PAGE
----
Book a test drive here

Request a brochure here


How to remove penalty points from your driving licence

How to get rid of expired endorsements and more

How to get rid of expired endorsements and more

Big changes are coming to your driving licence and you need to stay up to date. With the paper counterpart being axed from the summer, staying in control of your endorsements will suddenly become a lot harder – and significantly more important. Follow our guide to keeping a healthy licence that’s safe from the dangers of digitalisation…

Read about driving licence changes coming into force on June 8, here

Give your licence a full health check

A poorly maintained licence can result in higher than necessary insurance premiums, cancelled policies, problems with the police and even prosecution. The abolition of the paper counterpart could make it even harder to ensure your permit to drive maintains its health. Use this driving licence health check to make sure yours is fit for purpose.

Visual check-up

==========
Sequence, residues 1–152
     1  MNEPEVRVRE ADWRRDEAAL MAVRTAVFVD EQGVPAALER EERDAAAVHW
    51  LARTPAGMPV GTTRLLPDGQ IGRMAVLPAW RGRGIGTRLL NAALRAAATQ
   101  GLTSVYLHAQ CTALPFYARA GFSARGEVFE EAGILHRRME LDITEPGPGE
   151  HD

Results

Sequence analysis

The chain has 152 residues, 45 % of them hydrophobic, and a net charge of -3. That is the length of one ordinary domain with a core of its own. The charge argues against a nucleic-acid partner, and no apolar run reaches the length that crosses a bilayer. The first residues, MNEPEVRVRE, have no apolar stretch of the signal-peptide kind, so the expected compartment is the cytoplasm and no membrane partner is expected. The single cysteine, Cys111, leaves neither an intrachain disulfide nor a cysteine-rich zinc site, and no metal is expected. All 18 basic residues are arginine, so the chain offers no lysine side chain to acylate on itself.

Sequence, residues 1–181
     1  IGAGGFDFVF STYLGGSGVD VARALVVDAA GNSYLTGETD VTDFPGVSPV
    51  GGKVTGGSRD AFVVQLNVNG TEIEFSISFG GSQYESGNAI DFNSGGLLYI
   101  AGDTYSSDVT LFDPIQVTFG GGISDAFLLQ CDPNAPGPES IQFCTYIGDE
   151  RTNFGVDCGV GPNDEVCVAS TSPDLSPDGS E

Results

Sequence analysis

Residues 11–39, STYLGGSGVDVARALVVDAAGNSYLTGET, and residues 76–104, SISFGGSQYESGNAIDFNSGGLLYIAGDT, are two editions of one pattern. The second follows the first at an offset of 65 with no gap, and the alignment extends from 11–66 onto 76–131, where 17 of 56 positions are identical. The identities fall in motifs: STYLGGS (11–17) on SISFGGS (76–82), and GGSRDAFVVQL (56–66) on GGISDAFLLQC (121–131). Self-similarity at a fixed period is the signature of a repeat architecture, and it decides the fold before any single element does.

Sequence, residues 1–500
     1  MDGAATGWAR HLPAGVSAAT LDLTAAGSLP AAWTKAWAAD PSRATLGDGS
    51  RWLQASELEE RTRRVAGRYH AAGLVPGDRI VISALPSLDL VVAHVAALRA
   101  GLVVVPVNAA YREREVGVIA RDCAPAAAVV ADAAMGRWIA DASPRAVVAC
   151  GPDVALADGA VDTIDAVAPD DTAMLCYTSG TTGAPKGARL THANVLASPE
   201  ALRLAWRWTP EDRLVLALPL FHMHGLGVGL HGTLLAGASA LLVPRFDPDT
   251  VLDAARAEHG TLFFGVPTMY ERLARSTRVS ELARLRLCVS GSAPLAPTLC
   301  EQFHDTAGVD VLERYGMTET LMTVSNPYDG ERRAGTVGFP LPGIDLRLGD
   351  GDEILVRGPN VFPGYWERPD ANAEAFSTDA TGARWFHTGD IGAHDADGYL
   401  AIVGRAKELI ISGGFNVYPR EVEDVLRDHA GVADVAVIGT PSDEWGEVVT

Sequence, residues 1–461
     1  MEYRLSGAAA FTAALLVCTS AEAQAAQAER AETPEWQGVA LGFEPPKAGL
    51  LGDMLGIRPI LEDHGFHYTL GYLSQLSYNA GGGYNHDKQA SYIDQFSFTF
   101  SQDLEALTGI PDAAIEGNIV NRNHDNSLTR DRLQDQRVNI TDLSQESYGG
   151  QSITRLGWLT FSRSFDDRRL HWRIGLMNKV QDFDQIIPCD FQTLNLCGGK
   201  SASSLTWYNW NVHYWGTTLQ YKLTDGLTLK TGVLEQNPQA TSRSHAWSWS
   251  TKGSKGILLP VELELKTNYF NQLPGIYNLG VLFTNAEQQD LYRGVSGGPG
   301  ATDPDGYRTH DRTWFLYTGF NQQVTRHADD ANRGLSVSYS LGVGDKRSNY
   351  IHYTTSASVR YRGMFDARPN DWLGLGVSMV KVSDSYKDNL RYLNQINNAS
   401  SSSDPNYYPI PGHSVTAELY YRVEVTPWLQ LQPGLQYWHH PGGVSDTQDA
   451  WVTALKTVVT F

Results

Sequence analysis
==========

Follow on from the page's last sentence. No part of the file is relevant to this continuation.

Follow our health check for your licence

Follow our health check for your licence

Firstly, let’s check your document’s vital signs and make sure it’s got all the correct information and isn’t hiding any unpleasant surprises. You can do this by using the DVLA’s View Driving Licence website; where you can enter a few details and find out exactly what ‘s on your licence and driving record.

What will it tell me: Log in and the service will tell you when your licence expires, how many penalty points you have and which vehicle’s you’re licensed to driver… from tractors to ride-on mowers and beyond. The service will also tell you what personal details you have registered with the DVLA. Make sure you change them if they’re wrong or risk a big fine. We tell you how here.

What information do I need to log in: Getting into the service isn’t that easy; you’ll need the following:
1) Your driving licence number
2) Your National Insurance number
3) The postcode on your driving licence

How much and when can I use it: The View My Licence website is free to use and available 24 hours a day.

Use the View Driving Licence service here

Here’s a video explaining the new system.

Endorsement treatment

Staying on the right side of the law is the only way to avoid edorsements. Picture <a href="http//" target="_blank"></a>

Staying on the right side of the law is the only way to avoid edorsements. Picture

You’ve checked your licence and perhaps you’ve come across some endorsements? This is an area you’ll need to know about when it comes to getting a job, insurance quotes and hiring cars. We’ll be looking at what they mean and how long they’ll remain on your licence.